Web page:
Both the Police and Border Guard Board (PPA) and the Transport Board (Transpordiamet have expressed caution about an idea proposed by Minister of Public Administration Riina Solman (Isamaa) to reduce lighting on, for instance, highways, and also outside public buildings, in order to make savings on soaring energy bills.
Cuts in highway lighting would not only negatively impact on road safety, but would not even make significant savings, particularly when borne in mind that a longer-running, ongoing program to install LED lighting will make significant savings, in the long-term.
The PPA told ERR Friday that they have not been informed of any changes, making it difficult to comment on the government's plan.
PPA spokesperson Lt Col. Sirle Loigo said: "However, it can be said that if the lighting is turned off in those areas where pedestrians are also on the move, this will definitely affect traffic safety."
"Lighting makes pedestrians more visible and reduces the risk of being hit. In addition, it helps the PPA in ensuring security and increases the individual sense of security," Loigo went on.
In any case, it is not clear how and to what extent cutting down on lighting would even solve the problem it is aimed at.
The continued rising price of electricity would, mean a doubling of lighting budget even when following the new plan, the Transport Board's road building and maintenance department chief Andres Piibeleht told ERR – from €600,000 last year, to around a million this winter.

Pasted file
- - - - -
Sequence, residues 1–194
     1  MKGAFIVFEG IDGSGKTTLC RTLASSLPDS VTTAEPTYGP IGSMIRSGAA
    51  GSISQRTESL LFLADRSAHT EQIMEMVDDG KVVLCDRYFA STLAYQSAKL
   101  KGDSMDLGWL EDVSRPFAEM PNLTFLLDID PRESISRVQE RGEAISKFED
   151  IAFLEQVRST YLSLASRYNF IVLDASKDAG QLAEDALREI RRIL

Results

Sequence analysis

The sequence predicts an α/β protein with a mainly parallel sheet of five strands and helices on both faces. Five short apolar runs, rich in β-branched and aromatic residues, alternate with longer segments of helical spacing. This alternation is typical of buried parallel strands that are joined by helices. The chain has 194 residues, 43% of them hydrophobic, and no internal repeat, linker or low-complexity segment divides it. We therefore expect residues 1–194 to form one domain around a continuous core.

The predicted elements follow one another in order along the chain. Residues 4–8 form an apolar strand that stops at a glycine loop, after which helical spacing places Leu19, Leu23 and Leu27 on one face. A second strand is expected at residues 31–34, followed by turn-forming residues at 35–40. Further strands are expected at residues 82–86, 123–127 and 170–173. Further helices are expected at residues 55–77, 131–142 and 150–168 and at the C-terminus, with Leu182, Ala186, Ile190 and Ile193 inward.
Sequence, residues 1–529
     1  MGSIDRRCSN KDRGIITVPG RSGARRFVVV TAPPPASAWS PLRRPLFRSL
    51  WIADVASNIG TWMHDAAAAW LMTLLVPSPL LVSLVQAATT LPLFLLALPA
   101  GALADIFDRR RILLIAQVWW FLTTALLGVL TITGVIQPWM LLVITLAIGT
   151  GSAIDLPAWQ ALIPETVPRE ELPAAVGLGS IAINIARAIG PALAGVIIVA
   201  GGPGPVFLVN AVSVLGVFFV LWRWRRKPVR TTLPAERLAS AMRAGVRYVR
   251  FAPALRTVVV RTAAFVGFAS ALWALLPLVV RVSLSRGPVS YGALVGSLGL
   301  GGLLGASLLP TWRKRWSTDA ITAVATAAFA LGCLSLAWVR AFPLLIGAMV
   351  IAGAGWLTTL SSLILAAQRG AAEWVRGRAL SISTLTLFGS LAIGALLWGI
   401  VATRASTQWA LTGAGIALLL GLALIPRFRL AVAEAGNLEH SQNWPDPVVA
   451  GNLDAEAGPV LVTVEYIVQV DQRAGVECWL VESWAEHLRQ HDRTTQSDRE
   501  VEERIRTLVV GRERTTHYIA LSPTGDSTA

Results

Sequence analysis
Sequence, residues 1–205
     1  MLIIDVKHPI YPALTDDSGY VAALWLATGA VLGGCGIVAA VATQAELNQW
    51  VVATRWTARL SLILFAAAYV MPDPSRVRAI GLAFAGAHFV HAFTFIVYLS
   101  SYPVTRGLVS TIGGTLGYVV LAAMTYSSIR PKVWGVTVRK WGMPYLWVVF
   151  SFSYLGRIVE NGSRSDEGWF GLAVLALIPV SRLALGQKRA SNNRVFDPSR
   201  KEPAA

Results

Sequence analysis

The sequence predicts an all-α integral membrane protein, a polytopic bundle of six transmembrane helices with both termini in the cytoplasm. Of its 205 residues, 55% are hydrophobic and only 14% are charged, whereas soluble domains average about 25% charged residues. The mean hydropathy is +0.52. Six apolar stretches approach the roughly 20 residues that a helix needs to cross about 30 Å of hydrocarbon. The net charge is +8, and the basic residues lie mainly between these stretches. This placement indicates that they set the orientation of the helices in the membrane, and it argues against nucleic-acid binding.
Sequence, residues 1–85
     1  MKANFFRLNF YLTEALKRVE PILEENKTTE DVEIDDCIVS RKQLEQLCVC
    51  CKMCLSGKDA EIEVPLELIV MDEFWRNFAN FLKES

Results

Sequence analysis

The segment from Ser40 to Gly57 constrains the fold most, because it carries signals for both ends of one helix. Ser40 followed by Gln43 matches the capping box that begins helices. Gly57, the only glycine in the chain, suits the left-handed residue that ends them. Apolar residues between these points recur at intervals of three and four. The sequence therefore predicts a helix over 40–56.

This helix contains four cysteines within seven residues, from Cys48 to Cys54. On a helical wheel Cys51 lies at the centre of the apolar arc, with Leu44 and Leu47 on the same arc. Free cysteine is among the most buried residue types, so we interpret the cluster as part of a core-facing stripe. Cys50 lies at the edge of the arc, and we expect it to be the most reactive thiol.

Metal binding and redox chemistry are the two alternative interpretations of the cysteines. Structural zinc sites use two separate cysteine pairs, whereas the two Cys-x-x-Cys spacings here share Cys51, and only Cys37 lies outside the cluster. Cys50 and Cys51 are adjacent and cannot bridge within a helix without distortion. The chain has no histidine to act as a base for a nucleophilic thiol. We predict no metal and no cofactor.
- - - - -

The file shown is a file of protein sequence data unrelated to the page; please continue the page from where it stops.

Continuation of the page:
Piibeleht agreed that there should be no trade-off between road safety and lighting, adding that sections of road should be taken on a case-by-case basis.
The Transport Board has in any case been pressing on with replacing older sodium lights with LED lights – the latter consume around only a fifth of the amount of power as the former.
Since the replacement program was ongoing and took time, the overall payback would not be apparent for another five to six years.
At present, there are still around 4,000 sodium lamps lighting highways across Estonia, though the volume of LED lights now outstrips that, at around 7,000.
Ultimately, neither the authority nor local government should make hasty decisions on matters where lives may be at stake, just for the sake of saving money.
Furthermore, while it might seem in poor taste to state, the bottom line is that the financial cost to society of one road traffic fatality, comes to around two million euros, Piibeleht said.
"By reducing or even darkening the lighting, we achieve a direct financial effect, but it is a serious point of consideration for both the Transport Board and also to municipalities, how much we can save on lighting so that traffic safety does not suffer significantly," Piibeleht added.
The Transport Board in any case started partly turning of road lighting in March, at a time when the nights are starting to get shorter, though only between midnight and 5 a.m. and in areas where this would have a minimal effect on road safety.
This had led to about €30,000 in savings so far, Piibeleht said.
Riina Solman announced the proposal to reduce highway lighting at this week's regular government Thursday press conference, adding that this would certainly not be done at the expense of road safety.
Tallinn City Government says it has no plans to cut street lighting – a measure which has been taken in the past – and is also forging ahead with the transition to LED lighting.
Editor: Andrew Whyte